WASHINGTON, June 21 (Reuters) – The U.S. Federal Trade Commission on Wednesday accused Amazon.com (AMZN.O) of signing up millions of consumers to the paid subscription Amazon Prime service without their consent, making it difficult for them to cancel, according to the agency. The latest action against the e-commerce giant in recent weeks.
The Federal Trade Commission (FTC) sued Amazon in Seattle federal court, alleging that the company “knowingly deceived millions of consumers into unwittingly enrolling them into Amazon Prime.” In a statement, Amazon called the FTC’s allegations “factually and legally wrong.”
The FTC said Amazon used “manipulative, coercive, or deceptive user interface designs known as ‘dark patterns’ to trick consumers into signing up for automatically renewing Prime subscriptions,” while seeking civil penalties and a permanent injunction to prevent future violations.
The lawsuit is one of several actions by President Joe Biden’s administration aimed at reining in the outsized market power of big tech companies as they try to ramp up competition to protect consumers.
The Federal Trade Commission said that Amazon Prime is the largest subscription program in the world, generating $25 billion in revenue annually. It offers fast and free shipping on millions of items, various discounts, and access to movies, music, and TV series, among other benefits.
Basic members in the US pay $139 annually and generate a significant amount of Amazon sales volume. Prime, which has more than 200 million members worldwide, is critical to other Amazon businesses including its Prime Video streaming service and grocery delivery service.
“The truth is, customers love Prime, and by design we’re making it clear and simple for customers whether to sign up for or cancel their Prime membership,” Amazon said in its statement.
Amazon added that it finds “disturbing that the FTC announced this lawsuit without notification to us, in the midst of our discussions with FTC staff to ensure they understood the facts, context, and legal issues, and before we could have a dialogue with the commissioners themselves.”
The lawsuit came on Wednesday, the day Amazon announced the July dates for its prime sales event, Prime Day.
Under significant pressure from the Federal Trade Commission, Amazon changed the cancellation process in April but “the violations are ongoing” and that it still “requires five clicks on desktop and six on mobile for consumers to cancel from Amazon.com,” the suit said.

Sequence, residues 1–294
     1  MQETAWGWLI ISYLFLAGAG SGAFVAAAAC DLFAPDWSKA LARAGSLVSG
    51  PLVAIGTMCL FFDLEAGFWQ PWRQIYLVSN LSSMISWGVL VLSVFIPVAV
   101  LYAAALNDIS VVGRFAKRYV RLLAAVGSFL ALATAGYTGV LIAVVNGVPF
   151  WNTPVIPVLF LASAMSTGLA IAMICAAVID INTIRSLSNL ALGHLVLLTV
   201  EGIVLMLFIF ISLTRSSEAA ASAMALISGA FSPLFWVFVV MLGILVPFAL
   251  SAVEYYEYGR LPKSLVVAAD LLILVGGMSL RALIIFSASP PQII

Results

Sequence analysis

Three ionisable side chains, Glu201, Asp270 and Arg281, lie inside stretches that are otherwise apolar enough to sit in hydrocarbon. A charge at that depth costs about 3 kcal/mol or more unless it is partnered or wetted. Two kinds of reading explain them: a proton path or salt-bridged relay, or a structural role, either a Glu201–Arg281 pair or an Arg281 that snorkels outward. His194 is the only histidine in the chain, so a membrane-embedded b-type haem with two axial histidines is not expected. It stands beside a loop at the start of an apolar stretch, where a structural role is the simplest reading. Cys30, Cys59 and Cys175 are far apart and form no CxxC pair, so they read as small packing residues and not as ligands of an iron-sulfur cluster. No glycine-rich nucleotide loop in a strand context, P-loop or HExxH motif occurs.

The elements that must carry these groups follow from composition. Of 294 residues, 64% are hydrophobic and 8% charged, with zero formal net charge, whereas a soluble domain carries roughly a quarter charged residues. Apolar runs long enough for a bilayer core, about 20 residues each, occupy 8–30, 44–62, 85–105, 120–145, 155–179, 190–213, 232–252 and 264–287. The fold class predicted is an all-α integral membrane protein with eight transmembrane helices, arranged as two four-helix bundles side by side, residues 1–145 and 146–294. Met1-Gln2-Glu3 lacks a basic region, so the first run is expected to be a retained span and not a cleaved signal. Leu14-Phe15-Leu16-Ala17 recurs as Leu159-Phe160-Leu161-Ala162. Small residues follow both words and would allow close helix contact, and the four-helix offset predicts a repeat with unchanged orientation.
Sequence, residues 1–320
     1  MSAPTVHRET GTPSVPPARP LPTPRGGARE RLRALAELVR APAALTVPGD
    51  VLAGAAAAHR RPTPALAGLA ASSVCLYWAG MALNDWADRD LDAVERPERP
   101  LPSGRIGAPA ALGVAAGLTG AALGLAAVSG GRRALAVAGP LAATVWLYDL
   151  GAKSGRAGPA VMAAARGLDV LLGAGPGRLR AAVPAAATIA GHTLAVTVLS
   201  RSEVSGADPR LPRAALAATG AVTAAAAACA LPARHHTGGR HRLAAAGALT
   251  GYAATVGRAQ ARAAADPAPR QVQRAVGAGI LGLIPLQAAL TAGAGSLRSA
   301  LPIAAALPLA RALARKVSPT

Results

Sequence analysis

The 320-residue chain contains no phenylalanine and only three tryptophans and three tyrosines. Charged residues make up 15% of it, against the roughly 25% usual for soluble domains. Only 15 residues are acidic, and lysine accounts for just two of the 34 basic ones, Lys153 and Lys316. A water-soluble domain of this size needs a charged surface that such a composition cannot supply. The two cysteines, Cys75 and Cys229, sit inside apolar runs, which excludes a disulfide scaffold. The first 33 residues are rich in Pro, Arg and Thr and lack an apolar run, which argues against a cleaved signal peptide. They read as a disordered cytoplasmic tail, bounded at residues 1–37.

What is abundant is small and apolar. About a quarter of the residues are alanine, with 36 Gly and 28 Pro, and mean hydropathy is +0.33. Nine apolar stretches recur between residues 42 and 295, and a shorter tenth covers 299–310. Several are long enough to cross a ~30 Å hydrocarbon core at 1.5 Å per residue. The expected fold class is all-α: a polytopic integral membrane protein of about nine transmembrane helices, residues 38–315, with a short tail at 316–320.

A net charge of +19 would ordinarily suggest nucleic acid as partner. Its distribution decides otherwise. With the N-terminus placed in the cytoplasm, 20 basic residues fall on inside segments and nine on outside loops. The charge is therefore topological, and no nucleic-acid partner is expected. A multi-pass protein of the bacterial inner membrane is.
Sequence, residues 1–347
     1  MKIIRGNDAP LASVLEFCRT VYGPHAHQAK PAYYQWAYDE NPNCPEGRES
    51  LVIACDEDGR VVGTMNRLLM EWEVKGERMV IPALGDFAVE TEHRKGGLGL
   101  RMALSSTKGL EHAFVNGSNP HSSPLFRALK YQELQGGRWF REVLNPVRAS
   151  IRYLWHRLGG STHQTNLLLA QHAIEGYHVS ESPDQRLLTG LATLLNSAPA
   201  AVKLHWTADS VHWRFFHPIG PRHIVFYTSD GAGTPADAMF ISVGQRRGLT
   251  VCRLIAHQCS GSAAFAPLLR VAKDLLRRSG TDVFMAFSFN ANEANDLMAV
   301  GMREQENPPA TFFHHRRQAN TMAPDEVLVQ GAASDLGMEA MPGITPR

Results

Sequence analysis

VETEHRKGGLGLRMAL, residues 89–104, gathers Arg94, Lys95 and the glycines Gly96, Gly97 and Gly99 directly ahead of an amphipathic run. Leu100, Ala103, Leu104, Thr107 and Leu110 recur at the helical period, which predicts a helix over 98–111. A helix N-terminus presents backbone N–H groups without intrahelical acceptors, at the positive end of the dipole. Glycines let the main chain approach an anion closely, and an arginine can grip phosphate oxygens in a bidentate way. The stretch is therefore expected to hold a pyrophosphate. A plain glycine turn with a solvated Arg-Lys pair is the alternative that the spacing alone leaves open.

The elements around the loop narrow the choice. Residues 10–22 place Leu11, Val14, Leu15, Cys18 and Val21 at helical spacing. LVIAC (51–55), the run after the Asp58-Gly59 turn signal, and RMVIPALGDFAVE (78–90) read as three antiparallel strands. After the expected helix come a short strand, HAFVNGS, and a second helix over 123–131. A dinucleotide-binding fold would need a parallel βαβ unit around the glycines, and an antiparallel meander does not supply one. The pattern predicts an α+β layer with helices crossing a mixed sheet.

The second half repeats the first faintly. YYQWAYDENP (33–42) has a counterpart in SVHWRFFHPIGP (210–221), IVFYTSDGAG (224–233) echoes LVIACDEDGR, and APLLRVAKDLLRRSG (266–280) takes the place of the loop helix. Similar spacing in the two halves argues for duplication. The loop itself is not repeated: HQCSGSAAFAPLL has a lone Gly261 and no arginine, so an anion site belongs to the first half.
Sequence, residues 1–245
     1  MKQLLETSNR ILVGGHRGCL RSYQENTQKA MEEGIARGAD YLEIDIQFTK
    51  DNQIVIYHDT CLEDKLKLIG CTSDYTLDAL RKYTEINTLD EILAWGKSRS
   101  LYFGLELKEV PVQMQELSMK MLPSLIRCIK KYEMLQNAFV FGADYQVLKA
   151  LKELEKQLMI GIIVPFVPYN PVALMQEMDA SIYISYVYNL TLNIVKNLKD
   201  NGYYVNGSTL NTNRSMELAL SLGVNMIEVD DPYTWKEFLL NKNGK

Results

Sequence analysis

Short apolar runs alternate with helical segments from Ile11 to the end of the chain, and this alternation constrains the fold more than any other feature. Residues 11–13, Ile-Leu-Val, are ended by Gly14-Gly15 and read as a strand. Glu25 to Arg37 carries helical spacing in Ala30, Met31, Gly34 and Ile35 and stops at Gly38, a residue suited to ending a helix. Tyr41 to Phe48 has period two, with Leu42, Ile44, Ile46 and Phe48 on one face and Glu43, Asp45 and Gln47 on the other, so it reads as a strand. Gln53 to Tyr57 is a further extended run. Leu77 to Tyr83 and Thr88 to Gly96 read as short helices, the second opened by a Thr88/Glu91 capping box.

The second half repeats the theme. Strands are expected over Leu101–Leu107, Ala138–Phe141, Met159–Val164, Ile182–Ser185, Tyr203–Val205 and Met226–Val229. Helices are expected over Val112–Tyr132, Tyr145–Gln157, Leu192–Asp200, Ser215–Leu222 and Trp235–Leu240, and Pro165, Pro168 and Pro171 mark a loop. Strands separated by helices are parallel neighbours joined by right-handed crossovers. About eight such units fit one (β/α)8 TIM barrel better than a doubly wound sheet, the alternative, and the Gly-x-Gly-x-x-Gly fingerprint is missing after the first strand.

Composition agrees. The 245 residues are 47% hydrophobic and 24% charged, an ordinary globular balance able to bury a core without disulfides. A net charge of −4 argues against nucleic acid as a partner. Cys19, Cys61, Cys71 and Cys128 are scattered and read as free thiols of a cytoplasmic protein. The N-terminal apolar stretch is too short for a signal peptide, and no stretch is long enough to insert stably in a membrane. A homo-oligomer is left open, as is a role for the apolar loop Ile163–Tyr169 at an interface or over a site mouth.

Amazon shares were up 0.2% in afternoon trading.
The Federal Trade Commission has been investigating Prime enrollments and cancellations since March 2021.
Consumers who attempted to cancel Prime faced multiple maze steps to accomplish the task of cancellation, according to the complaint. The FTC complaint said Amazon used the term “Flo’s Iliad” to describe the operation that began in 2016, a reference to Homer’s epic poem about the long-running Trojan War.
The agency said Amazon also committed “willful misconduct” intended to delay the FTC’s investigation by providing “bad faith” responses to document requests.
“The FTC makes an example for Amazon, but it’s far more common for companies to make it more difficult to cancel an account than to create one,” said Evelyn Mitchell-Wolf, senior analyst at Insider Intelligence.
“Amazon’s market power may work against it in this case, as the FTC will have no difficulty proving that consumers were actually harmed if Amazon impeded their ability to exercise their option to cancel their Prime membership,” Mitchell Wolf added.
The FTC on May 31 announced a $5.8 million settlement with Amazon’s Ring doorbell camera unit after the agency said the cameras had been used to spy on some customers. On the same day, the FTC said Amazon agreed to pay $25 million to settle allegations that it violated children’s privacy rights by failing to delete recordings of its Alexa virtual assistant technology at parents’ request and by keeping them for longer than necessary.
The new lawsuit is “a symbol of efforts by governments around the world to rein in the excessive influence of big tech,” including Amazon, Apple and Meta, according to Tom Forte, managing director at DA Davidson Companies.
But Forte also pointed to other retailers and subscription services that make it difficult to terminate a membership.
(Reporting by David Shepardson and Chris Sanders in Washington); Additional reporting by Ariana Macklemore. Editing by Will Dunham
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